By Pete Schroeder
WASHINGTON (Reuters) – President Donald Trump has relied on heavy losses across his business empire to help nearly erase his federal income tax bill, according to a report on Sunday from The New York Times.
Citing previously unseen tax-return data going back over 20 years, the Times shed new light on Trump’s finances. Trump dismissed the story as “fake news” at a news conference on Sunday. Here are some highlights:
SMALL TAX BILL
In 2016 and 2017, Trump paid just $750 in federal income taxes, according to the Times. In 10 of the previous 15 years, Trump paid no federal income taxes at all. Despite reporting hundreds of millions of dollars in income, Trump effectively erased his tax bill by reporting heavy losses across his business interests.
Some of Trump’s most prominent real estate holdings have also been less than profitable, the Times reported. Trump reported losing over $315 million on golf courses since 2000, with much of that centered at Trump National Doral near Miami. The hotel he opened in the heart of Washington in 2016 has recorded over $55 million in losses.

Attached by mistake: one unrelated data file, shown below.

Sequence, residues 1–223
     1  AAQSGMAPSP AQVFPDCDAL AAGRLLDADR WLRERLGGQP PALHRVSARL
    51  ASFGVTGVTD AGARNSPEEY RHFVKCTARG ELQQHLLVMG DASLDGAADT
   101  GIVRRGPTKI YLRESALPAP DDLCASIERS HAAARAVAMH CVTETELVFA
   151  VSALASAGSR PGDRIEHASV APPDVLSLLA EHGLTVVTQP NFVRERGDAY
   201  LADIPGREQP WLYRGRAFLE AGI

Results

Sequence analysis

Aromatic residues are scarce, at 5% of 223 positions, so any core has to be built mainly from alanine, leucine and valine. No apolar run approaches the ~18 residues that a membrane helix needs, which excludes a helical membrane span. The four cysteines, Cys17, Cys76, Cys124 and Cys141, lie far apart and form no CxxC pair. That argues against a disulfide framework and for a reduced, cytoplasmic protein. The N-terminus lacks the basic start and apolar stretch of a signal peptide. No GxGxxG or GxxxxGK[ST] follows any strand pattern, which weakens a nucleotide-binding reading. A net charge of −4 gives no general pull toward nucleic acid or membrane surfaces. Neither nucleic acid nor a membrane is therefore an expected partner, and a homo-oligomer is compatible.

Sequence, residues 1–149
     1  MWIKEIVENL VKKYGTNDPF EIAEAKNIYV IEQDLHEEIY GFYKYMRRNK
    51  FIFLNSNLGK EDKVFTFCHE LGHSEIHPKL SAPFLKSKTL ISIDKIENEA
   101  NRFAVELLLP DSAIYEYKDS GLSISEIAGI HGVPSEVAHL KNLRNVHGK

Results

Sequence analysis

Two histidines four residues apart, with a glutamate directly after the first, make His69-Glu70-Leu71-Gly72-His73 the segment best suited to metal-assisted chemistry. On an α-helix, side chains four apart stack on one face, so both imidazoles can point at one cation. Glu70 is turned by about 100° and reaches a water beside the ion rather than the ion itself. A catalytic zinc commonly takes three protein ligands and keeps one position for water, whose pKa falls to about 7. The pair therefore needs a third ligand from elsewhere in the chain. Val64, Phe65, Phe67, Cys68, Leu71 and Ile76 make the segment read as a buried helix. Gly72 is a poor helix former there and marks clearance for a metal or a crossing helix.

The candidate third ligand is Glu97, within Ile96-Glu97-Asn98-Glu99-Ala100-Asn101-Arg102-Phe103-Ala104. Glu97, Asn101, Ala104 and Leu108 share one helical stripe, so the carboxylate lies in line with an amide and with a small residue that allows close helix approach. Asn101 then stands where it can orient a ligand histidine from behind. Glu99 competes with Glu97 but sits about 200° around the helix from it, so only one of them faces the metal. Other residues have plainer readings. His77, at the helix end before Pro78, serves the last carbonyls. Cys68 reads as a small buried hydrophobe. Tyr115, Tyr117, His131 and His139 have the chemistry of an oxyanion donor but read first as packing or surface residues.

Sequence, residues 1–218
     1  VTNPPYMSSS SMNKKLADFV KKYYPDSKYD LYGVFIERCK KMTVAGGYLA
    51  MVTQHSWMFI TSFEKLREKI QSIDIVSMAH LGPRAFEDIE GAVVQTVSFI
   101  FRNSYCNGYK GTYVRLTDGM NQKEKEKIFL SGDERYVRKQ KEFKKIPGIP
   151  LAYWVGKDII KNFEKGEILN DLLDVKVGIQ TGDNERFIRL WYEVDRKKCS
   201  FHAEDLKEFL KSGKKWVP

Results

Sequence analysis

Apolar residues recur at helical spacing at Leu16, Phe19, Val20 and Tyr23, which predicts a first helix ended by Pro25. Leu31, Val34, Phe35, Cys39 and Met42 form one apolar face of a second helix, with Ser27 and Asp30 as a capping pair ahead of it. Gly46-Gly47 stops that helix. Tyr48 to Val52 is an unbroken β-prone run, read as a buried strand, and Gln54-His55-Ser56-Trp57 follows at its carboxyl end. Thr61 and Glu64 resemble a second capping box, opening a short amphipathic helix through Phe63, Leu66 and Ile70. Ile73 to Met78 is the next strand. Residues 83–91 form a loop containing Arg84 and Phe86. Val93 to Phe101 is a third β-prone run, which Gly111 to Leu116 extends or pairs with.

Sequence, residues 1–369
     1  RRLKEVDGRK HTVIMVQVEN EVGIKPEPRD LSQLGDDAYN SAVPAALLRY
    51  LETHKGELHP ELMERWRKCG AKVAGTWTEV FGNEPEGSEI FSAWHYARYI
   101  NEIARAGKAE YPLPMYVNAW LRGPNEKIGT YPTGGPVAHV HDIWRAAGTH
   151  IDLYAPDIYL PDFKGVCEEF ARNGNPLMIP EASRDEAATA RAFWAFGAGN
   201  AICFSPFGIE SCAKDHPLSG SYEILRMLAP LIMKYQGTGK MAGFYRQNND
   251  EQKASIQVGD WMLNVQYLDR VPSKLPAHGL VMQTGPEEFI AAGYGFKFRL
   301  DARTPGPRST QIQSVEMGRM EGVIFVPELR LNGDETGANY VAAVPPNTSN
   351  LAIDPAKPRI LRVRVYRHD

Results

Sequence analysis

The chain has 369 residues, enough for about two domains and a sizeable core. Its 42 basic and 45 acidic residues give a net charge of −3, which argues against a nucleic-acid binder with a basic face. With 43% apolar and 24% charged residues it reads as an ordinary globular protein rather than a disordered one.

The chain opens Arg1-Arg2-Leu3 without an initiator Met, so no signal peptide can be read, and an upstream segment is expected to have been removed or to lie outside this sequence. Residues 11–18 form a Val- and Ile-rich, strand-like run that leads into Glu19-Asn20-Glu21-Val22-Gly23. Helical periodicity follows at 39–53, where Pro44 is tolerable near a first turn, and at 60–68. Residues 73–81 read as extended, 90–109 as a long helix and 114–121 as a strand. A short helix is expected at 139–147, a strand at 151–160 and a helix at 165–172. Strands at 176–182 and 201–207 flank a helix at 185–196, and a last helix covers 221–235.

A BIG AUDIT
The Times report also found that Trump has been feuding with the Internal Revenue Service for the last decade over a nearly $73 million tax refund he previously claimed. If the IRS were to prevail in its audit, which has seemingly stalled in recent years, Trump could be responsible for paying over $100 million to the government.
The Times found that a large amount of Trump’s profits came from selling Trump himself. It reported that the former reality television star reported making a combined $427.4 million from 2004 to 2018 by selling his name and image through various endorsements and licensing deals.
Trump has been aggressive in claiming certain business expenses that further shrank his tax bill, according to the Times. That includes $70,000 in hairstyling expenses tied to “The Apprentice,” his former television program, and classifying a New York property described by the Trump Organization as a family retreat as an investment property to write off millions in property taxes.
LOANS COMING DUE
The Times reported that Trump appeared to be responsible for $421 million in loans coming due in the next four years.
(Reporting by Pete Schroeder; Editing by Peter Cooney)